Instance behavior is a bit different on a cluster. When you connect to a clustered instance of SQL Server, you do not connect to a node name nor do you connect to the Windows failover cluster name. You connect to the name you give it for the Network Name and if using a named instance, the named instance. For example, the EQUINOX instance is a default instance so applications and end users would use EQUINOX. It looks like Figure 7 in Failover Cluster Manager. Note that there is nothing next to the SQL Server or SQL Server Agent resources denoting what kind of instance it is; this is indicative of a default instance.
Figure 7. Default clustered instance in Failover Cluster Manager
To further see this is a default instance, look at the Properties tab of the SQL Server resource as shown in Figure 8. You will see the VirtualServerName (virtual server is older naming convention for the combination of clustered resources that have a name, IP, and disk resource that was retired when Microsoft shipped the Virtual Server product) value which is the same as the network namer and an InstanceName value of MSSQLSERVER. The SQL Server Agent resource will also show something similar, as seen in Figure 9.
Figure 8. Properties for the SQL Server resource for a default instance
Figure 9. Properties for the SQL Server Agent resource for a default instance
Things are a bit different for a named instance. In Figure 10, you will see the list of resources for the instance CRYSTALBALL. Note the (BALL) next to both the SQL Server and SQL Server Agent resources.
Figure 10. Named clustered instance in Failover Cluster Manager
Similar to a default instance, if you look at the properties for the SQL Server and SQL Server Agent resources (as shown here in Figures 11 and 12), you will see the VirtualServerName maps to the network name as expected and the value entered for Named Instance is reflected in the InstanceName value.
Figure 11. Properties for the SQL Server resource for a named instance
Figure 12. Properties for the SQL Server Agent resource for a named instance
Assuming you will be installing a named instance of SQL Server in your cluster, the named portion must be unique for the particular Windows failover cluster you are installing the instance into. You can reuse the named portion in another Windows failover cluster.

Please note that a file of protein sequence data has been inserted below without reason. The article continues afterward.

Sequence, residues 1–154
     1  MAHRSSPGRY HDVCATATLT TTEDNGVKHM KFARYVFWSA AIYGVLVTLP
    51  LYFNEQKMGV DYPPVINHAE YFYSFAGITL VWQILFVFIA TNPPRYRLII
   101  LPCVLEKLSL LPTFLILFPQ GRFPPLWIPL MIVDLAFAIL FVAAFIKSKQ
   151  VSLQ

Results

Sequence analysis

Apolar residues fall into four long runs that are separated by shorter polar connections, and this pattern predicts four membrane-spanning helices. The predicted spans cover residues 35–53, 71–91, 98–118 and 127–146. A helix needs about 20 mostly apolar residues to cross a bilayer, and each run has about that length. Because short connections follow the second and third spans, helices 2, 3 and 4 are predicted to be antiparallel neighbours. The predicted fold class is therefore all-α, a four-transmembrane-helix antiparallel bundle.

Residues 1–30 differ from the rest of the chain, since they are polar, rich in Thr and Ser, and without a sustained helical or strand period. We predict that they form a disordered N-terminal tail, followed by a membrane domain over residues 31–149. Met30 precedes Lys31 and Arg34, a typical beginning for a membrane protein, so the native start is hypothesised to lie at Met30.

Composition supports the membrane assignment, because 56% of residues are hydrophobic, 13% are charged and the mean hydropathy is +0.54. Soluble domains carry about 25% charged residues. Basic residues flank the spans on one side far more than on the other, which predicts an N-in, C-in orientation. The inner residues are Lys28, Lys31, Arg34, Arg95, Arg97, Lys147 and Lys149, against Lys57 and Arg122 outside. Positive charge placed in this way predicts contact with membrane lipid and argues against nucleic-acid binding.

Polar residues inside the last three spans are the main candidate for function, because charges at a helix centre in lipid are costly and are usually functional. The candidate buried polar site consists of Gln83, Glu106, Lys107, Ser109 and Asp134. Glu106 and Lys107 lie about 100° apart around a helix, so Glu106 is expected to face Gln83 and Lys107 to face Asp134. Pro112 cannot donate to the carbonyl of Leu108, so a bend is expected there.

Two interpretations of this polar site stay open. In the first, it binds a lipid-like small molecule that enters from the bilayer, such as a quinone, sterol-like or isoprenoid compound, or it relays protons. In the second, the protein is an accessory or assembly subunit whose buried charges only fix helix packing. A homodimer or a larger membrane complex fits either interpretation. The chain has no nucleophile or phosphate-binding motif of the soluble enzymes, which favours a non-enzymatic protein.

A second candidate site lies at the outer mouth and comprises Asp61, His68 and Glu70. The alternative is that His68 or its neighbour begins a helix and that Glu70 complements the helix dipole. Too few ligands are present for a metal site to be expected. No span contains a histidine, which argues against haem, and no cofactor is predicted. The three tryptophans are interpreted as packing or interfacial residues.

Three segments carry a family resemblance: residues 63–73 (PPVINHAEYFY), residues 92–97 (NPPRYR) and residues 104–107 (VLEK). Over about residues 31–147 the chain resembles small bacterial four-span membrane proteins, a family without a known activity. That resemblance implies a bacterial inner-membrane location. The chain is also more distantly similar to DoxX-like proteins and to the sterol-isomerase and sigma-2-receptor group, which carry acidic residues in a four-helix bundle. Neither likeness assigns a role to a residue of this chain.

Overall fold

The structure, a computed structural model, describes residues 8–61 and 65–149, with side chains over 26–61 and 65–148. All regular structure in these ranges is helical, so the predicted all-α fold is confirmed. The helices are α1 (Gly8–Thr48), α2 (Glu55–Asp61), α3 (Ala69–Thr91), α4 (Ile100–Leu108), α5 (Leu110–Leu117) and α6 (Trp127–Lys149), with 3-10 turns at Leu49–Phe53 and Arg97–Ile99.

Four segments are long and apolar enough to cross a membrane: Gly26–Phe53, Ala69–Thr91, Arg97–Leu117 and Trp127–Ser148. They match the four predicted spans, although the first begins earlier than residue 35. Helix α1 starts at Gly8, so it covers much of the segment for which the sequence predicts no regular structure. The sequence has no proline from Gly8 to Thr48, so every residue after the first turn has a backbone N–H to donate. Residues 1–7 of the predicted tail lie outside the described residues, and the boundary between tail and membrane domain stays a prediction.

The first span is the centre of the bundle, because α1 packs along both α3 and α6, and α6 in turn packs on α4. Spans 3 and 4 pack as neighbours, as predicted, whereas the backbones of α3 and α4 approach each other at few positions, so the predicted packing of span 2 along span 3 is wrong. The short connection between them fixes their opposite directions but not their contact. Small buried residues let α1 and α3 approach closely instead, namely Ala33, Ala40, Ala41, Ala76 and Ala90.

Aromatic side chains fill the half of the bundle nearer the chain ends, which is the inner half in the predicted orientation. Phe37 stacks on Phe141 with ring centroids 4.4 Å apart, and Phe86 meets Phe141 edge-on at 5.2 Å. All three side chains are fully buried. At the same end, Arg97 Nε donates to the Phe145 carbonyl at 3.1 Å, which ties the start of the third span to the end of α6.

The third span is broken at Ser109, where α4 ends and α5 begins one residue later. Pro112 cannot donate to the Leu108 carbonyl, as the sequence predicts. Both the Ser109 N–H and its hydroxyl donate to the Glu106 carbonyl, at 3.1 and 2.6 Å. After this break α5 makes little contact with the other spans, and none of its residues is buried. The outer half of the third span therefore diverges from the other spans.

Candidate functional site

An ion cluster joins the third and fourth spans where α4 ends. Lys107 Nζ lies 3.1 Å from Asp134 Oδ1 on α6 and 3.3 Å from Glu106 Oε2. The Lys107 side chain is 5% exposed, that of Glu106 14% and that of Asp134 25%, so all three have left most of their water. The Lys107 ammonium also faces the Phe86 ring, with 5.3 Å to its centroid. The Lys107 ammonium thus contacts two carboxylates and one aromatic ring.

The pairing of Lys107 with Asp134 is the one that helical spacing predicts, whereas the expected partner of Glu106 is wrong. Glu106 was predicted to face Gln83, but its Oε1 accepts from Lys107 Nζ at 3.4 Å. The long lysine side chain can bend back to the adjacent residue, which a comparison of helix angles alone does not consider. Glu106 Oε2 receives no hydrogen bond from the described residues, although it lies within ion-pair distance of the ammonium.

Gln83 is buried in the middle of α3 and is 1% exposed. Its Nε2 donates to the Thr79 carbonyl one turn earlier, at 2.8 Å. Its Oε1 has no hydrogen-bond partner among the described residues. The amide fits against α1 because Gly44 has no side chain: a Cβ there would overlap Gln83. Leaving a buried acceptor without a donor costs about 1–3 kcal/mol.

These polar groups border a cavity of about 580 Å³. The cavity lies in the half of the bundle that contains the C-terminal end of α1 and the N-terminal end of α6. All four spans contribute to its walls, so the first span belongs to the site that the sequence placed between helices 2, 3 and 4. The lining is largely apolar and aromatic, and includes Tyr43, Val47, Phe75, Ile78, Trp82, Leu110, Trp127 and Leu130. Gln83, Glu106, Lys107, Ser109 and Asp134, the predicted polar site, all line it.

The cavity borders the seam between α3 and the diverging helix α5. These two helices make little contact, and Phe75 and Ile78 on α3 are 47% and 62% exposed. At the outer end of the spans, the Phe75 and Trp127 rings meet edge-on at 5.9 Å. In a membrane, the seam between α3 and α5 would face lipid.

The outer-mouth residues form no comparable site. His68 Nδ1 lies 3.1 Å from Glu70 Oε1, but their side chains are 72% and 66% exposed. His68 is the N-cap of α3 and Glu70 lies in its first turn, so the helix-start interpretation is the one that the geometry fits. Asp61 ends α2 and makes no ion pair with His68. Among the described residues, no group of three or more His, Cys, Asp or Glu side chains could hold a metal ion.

Warning: Be careful – if you screw up the named instance name, you cannot change it post-install as you can the network name. To correct the problem would be an uninstall and reinstall, which is clearly something you do not want to do.
Where I find customers get confused is that they will enter the same name for the Network Name as they will for for Named Instance. For example, EQUINOXEQUINOX. Don’t do that. Both parts should be unique, such as CRYSTALBALL. Why is this important? Technically you can use the CRYSTAL value for connecting in some places which may make it seem like a default instance. However, when you want to go configure things like replication, you need to know the proper full named instance. This happened to me recently when working with a customer. I was configuring replication on their clustered instance and they didn’t tell me it was a named instance and replication was giving me errors. I went into Failover Cluster Manager and determined the right name for the instance. You can easily figure this out yourself by using the sample screens above.
Instance ID is not a new, but yet a new, concept. Prior to SQL Server 2008, SQL Server when installing multiple instances enumerated the directories used for the dedicated binaries by number. Clearly that was not the most descriptive thing to do since you could not necessarily tell which binaries you were looking at. In SQL Server 2008 and later, this value can be set by you during Setup. It cannot be changed after, so you definitely have to get this right the first time. If you are installing a default instance, the default value for Instance ID is MSSQLSERVER and if you are installing a named instance, it is the name you specified for the named instance (for example, THEATER for the instance shown above).
However, even that on a cluster is not necessarily the best thing to do since you generally don’t access an instance via MSSQLSERVER or BALL, and the names are different than the nodes (for example, you wouldn’t connect using DENNISBALL). So what I recommend is that you use an Instance ID that is reflective of the name you are actually going to use, such as CRYSTAL_BALL. Figure 13 shows what things look like under the Program FilesMicrosoft SQL Server folder with properly named Instance IDs for clustered instances.
Figure 13. Instance IDs for multiple clustered instances
Names matter when you configure your clustered instance. Knowing the difference between the different configurable values versus the ones in the operating system will help you get things deployed properly the first time.